Where to stay in Sweden
Sweden boasts an excellent range of hotels, covering the full spectrum of prices and standards with many offering discounted rates throughout the summer and at weekends during the winter. Details of these offers and other (including family) discount schemes are available from VisitSweden. Unsurprisingly, the Swedish capital (and elsewhere) does a good line in boutique hotels, with fabulous spots such as Sweden’s oldest inn - the quirky Stallmastaregarden Hotel (tel: (08) 610 1300; www.stallmastaregarden.se) – among the best.
Grading: There is the Hotelstars Union grading system from 1 to 5 stars. An SHR sign indicates that the establishment belongs to the Swedish Hotel & Restaurant Association.
Bed and breakfast
One of the nicest (and cheapest) sleeping options Sweden has to offer, bed and breakfasts tend to be small and cosy but vary hugely in terms of facilities. Some of the more rural operations can be very basic affairs, with washing water provided in buckets. Happily, this type is a rarity and modern versions complete with hot water and proper bathrooms are to be found practically anywhere.
Family camping holidays are extremely popular in Sweden and there is a tremendous variety of attractive sites. Most are located in picturesque surroundings, often on a lakeside or by the sea with free bathing facilities close at hand. There are over 450 campsites, all approved and classified by VisitSweden. Many offer facilities such as boat or bicycle hire, mini-golf, tennis, riding or saunas. It is possible to camp rough in areas away from other dwellings.
There are more than 300 hostels ranging from wonderful old mansions to a renovated sailing ship in Stockholm, as well as many purpose-built hostels. Gothenburg and Malmo are also good places to look for youth hostels and there are numerous others across the country, particularly in university towns such as Lund. Hostels have two to four beds per room, or family rooms, plus self-catering facilities. Members of the International Youth Hostels Federation get a cheaper rate. All youth hostels are open during the summer and some for the whole year. Contact Svenska Turistföreningen (www.swedishtouristassociation.com/staying-at-an-stf-hostel) for further information.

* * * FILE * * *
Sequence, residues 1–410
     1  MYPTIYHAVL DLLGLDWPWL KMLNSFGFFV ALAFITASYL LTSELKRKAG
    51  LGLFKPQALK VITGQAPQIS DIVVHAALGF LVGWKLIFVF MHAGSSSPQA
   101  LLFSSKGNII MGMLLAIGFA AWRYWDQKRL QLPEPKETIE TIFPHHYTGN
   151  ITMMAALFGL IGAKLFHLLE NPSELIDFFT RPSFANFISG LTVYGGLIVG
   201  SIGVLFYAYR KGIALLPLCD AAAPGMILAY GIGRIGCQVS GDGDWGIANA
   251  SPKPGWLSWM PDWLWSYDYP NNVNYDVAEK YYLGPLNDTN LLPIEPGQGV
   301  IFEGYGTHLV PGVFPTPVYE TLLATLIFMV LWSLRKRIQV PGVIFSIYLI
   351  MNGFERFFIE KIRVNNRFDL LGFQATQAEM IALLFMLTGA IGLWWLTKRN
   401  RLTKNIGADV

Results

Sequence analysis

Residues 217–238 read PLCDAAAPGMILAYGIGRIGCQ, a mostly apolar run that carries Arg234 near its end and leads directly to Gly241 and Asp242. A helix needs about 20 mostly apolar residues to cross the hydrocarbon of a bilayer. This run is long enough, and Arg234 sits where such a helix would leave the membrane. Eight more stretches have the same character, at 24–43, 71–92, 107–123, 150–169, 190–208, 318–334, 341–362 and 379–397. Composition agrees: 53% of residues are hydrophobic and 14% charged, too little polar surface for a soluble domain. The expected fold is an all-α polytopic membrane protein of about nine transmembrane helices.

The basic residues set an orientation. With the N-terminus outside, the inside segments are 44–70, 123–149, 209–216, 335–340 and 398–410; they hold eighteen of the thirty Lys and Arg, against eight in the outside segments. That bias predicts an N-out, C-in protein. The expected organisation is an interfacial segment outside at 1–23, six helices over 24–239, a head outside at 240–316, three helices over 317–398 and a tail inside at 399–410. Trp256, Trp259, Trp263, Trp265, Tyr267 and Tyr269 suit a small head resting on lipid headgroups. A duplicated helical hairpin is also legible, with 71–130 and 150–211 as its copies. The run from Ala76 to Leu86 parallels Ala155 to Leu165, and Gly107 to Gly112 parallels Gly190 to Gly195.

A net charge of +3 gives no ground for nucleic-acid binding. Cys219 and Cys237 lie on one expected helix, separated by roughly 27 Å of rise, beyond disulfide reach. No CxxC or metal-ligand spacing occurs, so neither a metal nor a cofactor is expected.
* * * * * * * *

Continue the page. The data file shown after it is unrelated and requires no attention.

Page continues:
Many old castles and manors in Sweden are now being run as hotels. They provide a unique accommodation experience and are often beautifully located, on lakes or rivers with parklands and golf courses. Take advantage of the low weekend or summer prices. Package deals are also available.
Working farms throughout Sweden offer accommodation, either in the main farmhouse or in an adjoining cottage. Accommodation is normally on a bed and breakfast basis, with self-catering facilities, although some farms offer full board. Accommodation can be booked through local tourist offices.
Forest cabins and chalets are available throughout the country, generally set in beautiful surroundings near lakes, in quiet forest glades or on an island in some remote archipelago. Purpose-built chalets generally consist of a living room, two or three bedrooms, a well-equipped kitchen and a toilet. They can generally accommodate up to six people, and cooking utensils, cutlery, blankets and pillows are provided. Renovated cottages and farm buildings are also available, usually in remote spots.